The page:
Alona Fransen: “Puppy Raising is HARD! “

Puppy Raising is HARD! It’s emotionally and physically hard. By the end of Jello’s training I will have had her for over a year. It is hard to always remind myself that even though she feels like my own, she isn’t, and that I have to return her for training one day. That is a […]

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Puppy Raising is HARD! It’s emotionally and physically hard. By the end of Jello’s training I will have had her for over a year. It is hard to always remind myself that even though she feels like my own, she isn’t, and that I have to return her for training one day. That is a constant emotional battle. On the physical side, it is important that I keep up with Jello’s exercise and training. Sometimes I get home from work exhausted and still take a special trip to the store just to work with her. She also has to learn to work in all conditions — rain, snow, and hot weather — meaning that I have to work in all conditions, too.


As part of my series about young people who are making an important social impact”, I had the pleasure of interviewing Alona Fransen.

Alona Fransen is a seventeen-year-old puppy raiser for Southeastern Guide Dogs. She is currently raising Jello, a 14-month-old black goldador, who is working towards becoming a guide dog when she grows up. In addition to Jello, Alona has a pet dog, two pet snakes, and a Giant Asian Mantis. She has volunteered with a wildlife rehabilitation organization and operates a snake identification and relocation service. Alona is a part-time Veterinary Assistant, full-time college student, and an all-the-time puppy raiser. In the future, she hopes to help animals and their humans as an emergency veterinarian.


Thank you so much for doing this with us! Before we dig in, our readers would like to get to know you a bit. Can you tell us a bit how you grew up?

I’m so happy to be a part of this! I’ve lived in Charlotte, North Carolina since I was five years old. I was homeschooled until I was eleven, and at that point I joined a small non-traditional school. As a kid I danced and wrote books. I am now in training to be a Junior Roller Derby Referee (AKA a Baby Zebra). I am a senior in high school, but in college courses full-time so that I can become a veterinarian as soon as possible!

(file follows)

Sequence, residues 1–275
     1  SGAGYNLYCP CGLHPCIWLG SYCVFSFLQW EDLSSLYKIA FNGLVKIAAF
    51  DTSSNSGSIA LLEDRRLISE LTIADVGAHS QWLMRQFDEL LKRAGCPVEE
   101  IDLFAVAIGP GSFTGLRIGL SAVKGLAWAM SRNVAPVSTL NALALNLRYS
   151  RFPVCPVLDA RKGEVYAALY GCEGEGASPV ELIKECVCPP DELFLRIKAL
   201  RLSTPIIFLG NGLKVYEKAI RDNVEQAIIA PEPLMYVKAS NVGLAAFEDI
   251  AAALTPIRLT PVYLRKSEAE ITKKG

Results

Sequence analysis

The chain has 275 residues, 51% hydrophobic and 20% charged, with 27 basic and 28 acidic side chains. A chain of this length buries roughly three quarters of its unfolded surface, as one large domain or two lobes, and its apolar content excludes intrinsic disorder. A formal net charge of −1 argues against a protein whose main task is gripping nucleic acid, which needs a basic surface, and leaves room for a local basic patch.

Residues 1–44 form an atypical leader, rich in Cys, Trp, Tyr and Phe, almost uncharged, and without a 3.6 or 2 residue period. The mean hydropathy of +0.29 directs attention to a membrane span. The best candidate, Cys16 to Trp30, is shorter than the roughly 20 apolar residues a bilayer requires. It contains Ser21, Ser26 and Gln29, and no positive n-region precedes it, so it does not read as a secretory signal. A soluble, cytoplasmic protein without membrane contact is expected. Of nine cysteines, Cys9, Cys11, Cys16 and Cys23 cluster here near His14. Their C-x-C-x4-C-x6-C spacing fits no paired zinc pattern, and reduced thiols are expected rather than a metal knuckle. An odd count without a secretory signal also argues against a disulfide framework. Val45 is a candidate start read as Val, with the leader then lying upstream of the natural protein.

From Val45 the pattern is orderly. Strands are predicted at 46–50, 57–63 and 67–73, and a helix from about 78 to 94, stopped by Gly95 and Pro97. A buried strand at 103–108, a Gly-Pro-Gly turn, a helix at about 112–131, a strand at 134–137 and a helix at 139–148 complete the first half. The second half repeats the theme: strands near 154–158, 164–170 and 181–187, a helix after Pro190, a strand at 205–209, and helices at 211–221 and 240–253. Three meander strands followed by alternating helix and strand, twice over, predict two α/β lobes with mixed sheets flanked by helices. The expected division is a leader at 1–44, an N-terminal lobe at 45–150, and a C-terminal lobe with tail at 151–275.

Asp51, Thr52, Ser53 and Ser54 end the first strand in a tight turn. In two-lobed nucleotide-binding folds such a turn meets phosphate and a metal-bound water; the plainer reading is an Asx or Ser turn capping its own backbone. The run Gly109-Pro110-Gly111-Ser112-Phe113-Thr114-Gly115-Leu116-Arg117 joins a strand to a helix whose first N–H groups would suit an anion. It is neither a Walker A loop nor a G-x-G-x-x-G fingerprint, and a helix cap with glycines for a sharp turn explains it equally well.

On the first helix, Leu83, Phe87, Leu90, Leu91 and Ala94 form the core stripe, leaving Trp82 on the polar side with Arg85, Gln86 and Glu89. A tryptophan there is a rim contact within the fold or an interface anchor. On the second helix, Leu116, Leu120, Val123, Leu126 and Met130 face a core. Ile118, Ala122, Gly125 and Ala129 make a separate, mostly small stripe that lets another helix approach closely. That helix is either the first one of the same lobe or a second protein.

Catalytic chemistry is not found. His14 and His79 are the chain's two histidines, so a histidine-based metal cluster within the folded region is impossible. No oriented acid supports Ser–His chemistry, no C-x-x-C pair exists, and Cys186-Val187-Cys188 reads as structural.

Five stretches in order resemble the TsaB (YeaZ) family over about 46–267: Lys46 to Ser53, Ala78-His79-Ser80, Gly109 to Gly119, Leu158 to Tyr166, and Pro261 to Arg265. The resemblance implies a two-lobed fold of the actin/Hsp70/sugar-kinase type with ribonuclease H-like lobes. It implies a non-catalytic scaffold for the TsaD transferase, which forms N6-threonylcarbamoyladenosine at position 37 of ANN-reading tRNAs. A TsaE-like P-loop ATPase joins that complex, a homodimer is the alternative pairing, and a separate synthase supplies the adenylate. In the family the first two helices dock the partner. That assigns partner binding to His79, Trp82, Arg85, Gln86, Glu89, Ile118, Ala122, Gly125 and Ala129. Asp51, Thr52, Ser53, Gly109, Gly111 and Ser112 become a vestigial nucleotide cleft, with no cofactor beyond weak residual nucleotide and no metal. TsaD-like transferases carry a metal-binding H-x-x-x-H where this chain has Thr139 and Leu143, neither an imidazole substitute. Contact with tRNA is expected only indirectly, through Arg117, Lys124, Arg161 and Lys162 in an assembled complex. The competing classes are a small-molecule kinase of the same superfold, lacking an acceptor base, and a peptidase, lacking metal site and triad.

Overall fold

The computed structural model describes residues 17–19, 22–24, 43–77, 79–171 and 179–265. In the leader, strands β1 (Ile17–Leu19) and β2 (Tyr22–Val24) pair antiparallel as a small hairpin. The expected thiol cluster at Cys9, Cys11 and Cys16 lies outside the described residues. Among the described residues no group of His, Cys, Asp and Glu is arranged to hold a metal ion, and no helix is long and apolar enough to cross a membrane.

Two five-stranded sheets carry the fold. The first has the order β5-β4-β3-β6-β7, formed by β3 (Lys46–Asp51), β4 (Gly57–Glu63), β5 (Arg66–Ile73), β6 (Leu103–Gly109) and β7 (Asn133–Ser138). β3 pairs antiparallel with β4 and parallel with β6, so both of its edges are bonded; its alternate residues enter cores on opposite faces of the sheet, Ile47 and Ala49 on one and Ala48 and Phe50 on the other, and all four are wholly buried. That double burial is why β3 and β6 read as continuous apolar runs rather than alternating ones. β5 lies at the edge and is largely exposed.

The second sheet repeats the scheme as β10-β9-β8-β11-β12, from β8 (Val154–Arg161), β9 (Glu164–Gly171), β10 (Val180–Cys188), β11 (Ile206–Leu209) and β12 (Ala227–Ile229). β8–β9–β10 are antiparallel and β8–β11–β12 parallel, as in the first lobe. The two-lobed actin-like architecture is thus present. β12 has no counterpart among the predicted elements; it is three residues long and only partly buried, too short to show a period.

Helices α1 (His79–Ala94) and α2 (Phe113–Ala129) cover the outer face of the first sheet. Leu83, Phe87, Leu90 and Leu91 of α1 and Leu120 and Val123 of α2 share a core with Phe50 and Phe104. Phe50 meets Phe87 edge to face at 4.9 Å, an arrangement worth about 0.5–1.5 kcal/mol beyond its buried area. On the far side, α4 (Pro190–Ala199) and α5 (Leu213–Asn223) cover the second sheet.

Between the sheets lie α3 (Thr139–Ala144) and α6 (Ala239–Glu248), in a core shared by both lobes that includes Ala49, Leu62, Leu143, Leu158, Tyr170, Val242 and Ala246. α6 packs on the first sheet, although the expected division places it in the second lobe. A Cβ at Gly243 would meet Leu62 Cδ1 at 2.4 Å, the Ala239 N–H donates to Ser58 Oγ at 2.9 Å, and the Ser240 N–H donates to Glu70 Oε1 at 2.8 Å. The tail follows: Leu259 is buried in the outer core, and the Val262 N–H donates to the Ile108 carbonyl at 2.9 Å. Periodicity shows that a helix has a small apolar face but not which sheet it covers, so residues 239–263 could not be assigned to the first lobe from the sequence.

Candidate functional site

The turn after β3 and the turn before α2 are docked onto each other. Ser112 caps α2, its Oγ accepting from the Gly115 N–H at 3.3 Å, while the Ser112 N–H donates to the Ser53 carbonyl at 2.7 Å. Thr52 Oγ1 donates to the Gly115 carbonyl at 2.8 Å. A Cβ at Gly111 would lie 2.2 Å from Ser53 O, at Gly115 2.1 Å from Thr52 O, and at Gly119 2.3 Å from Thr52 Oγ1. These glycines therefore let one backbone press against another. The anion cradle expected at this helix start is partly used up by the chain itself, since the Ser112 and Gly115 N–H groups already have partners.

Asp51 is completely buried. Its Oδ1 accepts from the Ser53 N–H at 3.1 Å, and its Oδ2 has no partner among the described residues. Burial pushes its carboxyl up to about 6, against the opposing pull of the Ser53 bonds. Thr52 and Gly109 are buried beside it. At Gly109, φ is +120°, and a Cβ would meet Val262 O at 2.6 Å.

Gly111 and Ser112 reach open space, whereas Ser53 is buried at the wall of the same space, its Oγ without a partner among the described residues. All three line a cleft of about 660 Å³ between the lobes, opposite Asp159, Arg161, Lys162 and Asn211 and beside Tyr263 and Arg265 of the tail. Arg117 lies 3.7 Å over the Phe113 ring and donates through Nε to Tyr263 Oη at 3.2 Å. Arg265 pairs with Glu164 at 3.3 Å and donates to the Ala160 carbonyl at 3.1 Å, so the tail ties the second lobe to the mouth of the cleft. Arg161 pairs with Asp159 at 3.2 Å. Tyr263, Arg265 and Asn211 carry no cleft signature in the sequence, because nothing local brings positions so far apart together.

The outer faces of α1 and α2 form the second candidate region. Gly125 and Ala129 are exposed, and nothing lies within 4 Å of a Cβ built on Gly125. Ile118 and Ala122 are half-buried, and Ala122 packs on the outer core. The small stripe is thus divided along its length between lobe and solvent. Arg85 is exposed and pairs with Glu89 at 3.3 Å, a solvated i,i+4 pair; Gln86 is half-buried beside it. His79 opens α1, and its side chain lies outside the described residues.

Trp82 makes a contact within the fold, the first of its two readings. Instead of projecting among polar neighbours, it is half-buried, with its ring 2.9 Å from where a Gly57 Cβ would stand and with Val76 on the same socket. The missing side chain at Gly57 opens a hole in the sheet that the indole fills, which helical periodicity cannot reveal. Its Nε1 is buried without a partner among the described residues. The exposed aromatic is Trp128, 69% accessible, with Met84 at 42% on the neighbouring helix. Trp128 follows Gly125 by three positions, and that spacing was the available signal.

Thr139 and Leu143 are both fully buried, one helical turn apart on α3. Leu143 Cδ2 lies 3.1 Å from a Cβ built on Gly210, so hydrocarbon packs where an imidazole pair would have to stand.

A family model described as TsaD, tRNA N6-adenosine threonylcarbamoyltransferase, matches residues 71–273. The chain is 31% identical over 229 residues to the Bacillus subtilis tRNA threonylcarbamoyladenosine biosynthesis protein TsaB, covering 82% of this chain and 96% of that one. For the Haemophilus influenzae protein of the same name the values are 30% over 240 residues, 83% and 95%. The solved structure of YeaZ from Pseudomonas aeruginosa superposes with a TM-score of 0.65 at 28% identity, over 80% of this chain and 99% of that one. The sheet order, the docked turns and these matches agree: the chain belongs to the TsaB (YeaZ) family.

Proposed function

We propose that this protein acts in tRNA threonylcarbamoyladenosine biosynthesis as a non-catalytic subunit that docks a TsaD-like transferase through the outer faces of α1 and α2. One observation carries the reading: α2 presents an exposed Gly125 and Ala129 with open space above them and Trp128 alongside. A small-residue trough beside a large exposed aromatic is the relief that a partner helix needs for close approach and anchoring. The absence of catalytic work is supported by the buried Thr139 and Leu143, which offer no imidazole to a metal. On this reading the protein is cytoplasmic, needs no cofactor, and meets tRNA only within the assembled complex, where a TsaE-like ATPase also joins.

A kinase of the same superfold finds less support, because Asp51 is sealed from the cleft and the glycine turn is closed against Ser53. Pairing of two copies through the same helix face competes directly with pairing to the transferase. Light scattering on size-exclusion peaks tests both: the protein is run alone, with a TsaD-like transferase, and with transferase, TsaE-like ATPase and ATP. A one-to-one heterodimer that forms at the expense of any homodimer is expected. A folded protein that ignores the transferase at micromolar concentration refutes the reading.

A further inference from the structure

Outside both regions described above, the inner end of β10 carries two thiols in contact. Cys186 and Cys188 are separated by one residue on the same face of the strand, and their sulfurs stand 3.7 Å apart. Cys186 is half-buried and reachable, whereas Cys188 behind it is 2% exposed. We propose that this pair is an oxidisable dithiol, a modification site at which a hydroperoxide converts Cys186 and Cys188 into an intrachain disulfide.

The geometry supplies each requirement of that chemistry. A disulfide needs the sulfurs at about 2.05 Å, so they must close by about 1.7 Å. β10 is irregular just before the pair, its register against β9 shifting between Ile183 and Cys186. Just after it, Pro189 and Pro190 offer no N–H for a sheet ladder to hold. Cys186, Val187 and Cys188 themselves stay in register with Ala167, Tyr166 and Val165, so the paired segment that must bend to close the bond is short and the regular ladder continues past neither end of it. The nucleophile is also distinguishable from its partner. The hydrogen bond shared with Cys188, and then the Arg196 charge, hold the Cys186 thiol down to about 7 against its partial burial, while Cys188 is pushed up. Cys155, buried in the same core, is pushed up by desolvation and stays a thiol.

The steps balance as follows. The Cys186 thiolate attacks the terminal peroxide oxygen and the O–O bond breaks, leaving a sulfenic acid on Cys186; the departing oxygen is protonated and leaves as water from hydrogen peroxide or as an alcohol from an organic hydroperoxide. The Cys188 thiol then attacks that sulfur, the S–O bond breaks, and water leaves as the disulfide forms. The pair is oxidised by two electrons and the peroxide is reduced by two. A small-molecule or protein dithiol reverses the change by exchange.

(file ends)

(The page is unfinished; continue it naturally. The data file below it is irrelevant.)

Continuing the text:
You are currently leading working at an organization that aims to make a social impact. Can you tell us a bit about what you and your organization are trying to change in our world today?

Southeastern Guide Dogs is an amazing organization that provides trained guide dogs and service dogs. A huge obstacle for blind and disabled people who need service dogs is that service dogs are so expensive. The cost of breeding, raising, and training a service dog can be tens of thousands of dollars. But because Southeastern Guide Dogs has volunteers who raise their puppies for free, and because we have amazing donors, we are able to place guide and service dogs free of charge to the recipient.

Can you tell us the backstory about what inspired you to originally feel passionate about this cause?

My mother saw a program about raising guide puppies when she was a kid, and she mentioned it to me one day when we were driving to school. I was intrigued, so I Googled “guide dog puppy raising,” and found Southeastern Guide Dogs. When I was 16, I finally filled out the puppy raiser interest form. I was immediately invited to training meetings, where I got to meet future service dogs and even work with them myself. I loved working with the puppies and I just had a good feeling about it.

Many of us have ideas, dreams, and passions, but never manifest it. They don’t get up and just do it. But you did. Was there an “Aha Moment” that made you decide that you were actually going to step up and do it? What was that final trigger?

I think my biggest “Aha Moment” was when I was puppy-sitting for another raiser. I took the puppy to the bank and somebody asked me about her. I explained to them that she was going to be a guide dog or service when she grew up, and I offered information about the organization. The person thanked me for what I was doing, and said that their nephew received an amazing guide dog from Southeastern Guide Dogs. That was the moment when I realized that raising a puppy would make such a huge change in someone else’s life, and that’s when I knew that I just had to do it myself.

Many young people don’t know the steps to take to start a new organization. But you did. What are some of the things or steps you took to get your project started?